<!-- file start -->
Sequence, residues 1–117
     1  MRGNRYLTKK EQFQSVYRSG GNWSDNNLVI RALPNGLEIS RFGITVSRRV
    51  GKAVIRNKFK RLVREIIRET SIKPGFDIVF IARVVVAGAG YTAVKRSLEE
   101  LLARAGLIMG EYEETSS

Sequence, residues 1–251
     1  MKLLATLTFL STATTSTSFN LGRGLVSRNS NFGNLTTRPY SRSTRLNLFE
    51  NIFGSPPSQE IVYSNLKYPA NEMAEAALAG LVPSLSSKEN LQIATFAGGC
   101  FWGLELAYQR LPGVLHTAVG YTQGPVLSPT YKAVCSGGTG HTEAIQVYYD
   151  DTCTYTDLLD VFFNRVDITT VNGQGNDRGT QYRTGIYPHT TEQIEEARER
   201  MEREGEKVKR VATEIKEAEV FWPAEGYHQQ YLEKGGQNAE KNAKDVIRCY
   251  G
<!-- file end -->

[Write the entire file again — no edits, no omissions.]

Sequence, residues 1–117
     1  MRGNRYLTKK EQFQSVYRSG GNWSDNNLVI RALPNGLEIS RFGITVSRRV
    51  GKAVIRNKFK RLVREIIRET SIKPGFDIVF IARVVVAGAG YTAVKRSLEE
   101  LLARAGLIMG EYEETSS

Sequence, residues 1–251
     1  MKLLATLTFL STATTSTSFN LGRGLVSRNS NFGNLTTRPY SRSTRLNLFE
    51  NIFGSPPSQE IVYSNLKYPA NEMAEAALAG LVPSLSSKEN LQIATFAGGC
   101  FWGLELAYQR LPGVLHTAVG YTQGPVLSPT YKAVCSGGTG HTEAIQVYYD
   151  DTCTYTDLLD VFFNRVDITT VNGQGNDRGT QYRTGIYPHT TEQIEEARER
   201  MEREGEKVKR VATEIKEAEV FWPAEGYHQQ YLEKGGQNAE KNAKDVIRCY
   251  G